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Advantages and Disadvantages Working for the UN

In 1942, representatives from 26 countries signed the Declaration of the United Nations, marking the first usage of the term “united nations.” It wasn’t the first time the international community had attempted to come together, but the League of Nations, which had been founded in 1920, was failing. The League had its final meeting in 1946, one year after the signing of the United Nations Charter. Three years later, as WWII came to an end, the Universal Declaration of Human Rights established universal human rights and freedoms. Since those early days, the UN has sought to achieve four goals: keep world peace; develop friendly relations between nations; help nations improve the lives of the poor and encourage rights and freedoms; and serve as a center for achieving these goals. What is working for the UN like? In this article, we’ll describe the UN’s structure, the advantages of working for the organization, and the disadvantages.

The structure of the United Nations

The UN is the world’s largest and best-known intergovernmental organization, which is a type of organization made of sovereign states established by a treaty. The UN has five main organs:

The General Assembly

The GA is the main deliberative body. It consists of representatives from all the Member States. Each State gets one vote. It’s based at the UN headquarters in New York City, New York.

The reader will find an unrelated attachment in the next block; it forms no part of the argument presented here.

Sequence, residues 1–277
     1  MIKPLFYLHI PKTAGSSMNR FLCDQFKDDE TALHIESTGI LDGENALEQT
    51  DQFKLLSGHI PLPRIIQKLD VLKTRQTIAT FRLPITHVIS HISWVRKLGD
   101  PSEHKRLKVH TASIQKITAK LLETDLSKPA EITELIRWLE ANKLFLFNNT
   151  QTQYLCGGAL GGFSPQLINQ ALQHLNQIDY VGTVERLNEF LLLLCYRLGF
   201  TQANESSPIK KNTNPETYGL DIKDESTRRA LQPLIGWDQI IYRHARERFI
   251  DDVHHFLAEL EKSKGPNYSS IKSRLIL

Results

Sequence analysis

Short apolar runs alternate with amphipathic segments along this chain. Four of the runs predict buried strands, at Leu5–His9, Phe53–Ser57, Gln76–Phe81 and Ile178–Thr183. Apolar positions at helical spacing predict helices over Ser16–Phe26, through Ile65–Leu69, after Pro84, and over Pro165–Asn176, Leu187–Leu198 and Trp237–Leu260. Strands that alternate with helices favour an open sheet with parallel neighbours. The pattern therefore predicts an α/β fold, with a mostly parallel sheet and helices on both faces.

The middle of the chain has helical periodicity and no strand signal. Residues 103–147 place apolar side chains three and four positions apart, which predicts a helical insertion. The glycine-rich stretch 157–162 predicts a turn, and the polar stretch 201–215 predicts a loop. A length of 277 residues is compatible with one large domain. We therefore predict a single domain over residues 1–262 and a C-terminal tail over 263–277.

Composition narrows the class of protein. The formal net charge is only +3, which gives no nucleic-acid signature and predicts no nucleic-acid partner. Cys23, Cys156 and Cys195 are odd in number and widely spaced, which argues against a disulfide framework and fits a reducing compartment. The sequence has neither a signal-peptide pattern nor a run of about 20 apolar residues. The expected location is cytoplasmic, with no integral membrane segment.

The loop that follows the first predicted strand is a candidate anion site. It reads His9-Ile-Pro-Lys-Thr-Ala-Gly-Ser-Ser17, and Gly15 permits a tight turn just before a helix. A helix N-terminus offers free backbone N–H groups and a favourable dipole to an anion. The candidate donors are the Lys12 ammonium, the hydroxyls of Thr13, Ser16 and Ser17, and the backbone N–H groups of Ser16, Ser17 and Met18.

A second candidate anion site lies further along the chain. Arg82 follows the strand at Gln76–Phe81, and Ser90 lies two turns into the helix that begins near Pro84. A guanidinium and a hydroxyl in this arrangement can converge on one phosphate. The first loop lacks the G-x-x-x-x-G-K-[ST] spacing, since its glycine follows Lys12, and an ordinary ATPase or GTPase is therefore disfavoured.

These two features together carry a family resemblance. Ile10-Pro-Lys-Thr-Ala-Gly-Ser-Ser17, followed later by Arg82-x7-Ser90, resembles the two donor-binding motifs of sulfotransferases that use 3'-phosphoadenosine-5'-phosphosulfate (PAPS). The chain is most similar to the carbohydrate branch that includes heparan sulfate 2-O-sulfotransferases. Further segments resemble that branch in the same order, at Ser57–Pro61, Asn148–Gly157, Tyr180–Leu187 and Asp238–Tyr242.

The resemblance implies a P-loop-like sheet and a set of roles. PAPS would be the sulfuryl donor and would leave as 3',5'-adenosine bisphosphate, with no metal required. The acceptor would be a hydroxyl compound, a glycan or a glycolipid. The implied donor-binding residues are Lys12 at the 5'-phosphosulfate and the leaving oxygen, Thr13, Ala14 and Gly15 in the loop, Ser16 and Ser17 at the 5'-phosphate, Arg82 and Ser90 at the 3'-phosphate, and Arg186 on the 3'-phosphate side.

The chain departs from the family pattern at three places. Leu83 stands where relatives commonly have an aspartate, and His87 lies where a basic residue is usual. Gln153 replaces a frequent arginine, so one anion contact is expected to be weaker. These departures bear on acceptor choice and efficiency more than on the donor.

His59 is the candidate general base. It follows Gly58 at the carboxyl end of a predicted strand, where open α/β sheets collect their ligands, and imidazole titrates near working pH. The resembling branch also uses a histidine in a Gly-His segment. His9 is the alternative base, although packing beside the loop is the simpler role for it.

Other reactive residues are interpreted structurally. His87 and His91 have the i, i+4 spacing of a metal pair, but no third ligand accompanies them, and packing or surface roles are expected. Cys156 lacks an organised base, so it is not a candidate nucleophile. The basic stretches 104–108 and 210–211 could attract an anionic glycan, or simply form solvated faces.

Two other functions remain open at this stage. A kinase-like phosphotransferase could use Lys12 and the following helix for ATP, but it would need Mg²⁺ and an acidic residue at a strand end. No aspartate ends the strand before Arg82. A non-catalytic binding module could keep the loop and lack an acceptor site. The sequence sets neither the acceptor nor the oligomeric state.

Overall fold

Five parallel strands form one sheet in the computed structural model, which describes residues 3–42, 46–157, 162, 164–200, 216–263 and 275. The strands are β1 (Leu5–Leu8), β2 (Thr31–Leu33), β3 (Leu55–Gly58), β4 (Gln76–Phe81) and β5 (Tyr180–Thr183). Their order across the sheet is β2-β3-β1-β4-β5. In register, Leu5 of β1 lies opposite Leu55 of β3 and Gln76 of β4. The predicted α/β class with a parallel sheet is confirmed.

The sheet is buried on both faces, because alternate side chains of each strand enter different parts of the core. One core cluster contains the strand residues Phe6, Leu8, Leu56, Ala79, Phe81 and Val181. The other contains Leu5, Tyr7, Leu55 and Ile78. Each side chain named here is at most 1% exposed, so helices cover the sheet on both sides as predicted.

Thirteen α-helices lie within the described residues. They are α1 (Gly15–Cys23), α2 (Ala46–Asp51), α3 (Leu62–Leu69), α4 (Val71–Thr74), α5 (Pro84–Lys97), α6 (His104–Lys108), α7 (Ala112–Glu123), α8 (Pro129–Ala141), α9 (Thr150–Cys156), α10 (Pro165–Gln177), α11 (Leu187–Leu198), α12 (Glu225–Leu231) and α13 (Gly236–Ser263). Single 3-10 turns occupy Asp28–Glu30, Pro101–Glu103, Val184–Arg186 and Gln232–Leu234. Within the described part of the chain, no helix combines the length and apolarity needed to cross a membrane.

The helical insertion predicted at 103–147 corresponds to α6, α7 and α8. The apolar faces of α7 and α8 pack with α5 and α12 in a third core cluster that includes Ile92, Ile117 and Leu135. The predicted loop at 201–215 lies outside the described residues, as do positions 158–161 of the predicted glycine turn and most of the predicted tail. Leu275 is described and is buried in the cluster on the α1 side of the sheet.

The UN Secretariat

This organ is made of staff representing all nationalities that work at duty stations around the world. The Secretariat handles the everyday work of the UN and administers the programs and policies. The Office of the High Commissioner for Human Rights (OHCHR) is part of this organ.

The Security Council

Made of 15 Members, the Security Council is responsible for maintaining international peace and security.

The Economic and Social Council

This organ debates economic, social, and environmental challenges and issues policy recommendations. The World Health Organization (The WHO) and the United Nations Educational, Scientific and Cultural Organization (UNESCO) are specialized agencies within this council.

International Court of Justice

As the judicial organ of the UN, the Court settles legal disputes between States and provides advisory opinions to the UN and its agencies.

Advantages of working for the UN

The UN has offices in 195 countries and around 37,000 employees. Here are the pros of working for this huge organization:

There are lots of career opportunities

Within the UN system, there are 45 job “families” and nine job networks. Job families are occupations and sub-occupations grouped in a common work field. The job networks are flexible groupings of job families. The reason for this structure is so employees can get multidisciplinary opportunities for new skills and experience within different parts of the UN. The nine networks are:

  • Management and Administration- Families include administration, audit, ethics, finance, and human resources
  • Economic, Social and Development – Families include environmental affairs, social affairs, sustainable development, and statistics
  • Political, Peace and Humanitarian – Families include civil affairs, rule of law, human rights affairs, and electoral affairs
  • Information and Telecommunication Technology – Families are media technology, telecommunications technology, and information management systems and technology
  • Legal – Families are jurists and legal affairs
  • Public information and conference management – Families include conference services, language, protocol, and public information